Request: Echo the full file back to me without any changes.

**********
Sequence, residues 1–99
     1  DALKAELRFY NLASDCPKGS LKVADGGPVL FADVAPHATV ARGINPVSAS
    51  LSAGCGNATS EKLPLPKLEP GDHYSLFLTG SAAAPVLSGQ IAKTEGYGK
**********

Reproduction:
Sequence, residues 1–99
     1  DALKAELRFY NLASDCPKGS LKVADGGPVL FADVAPHATV ARGINPVSAS
    51  LSAGCGNATS EKLPLPKLEP GDHYSLFLTG SAAAPVLSGQ IAKTEGYGK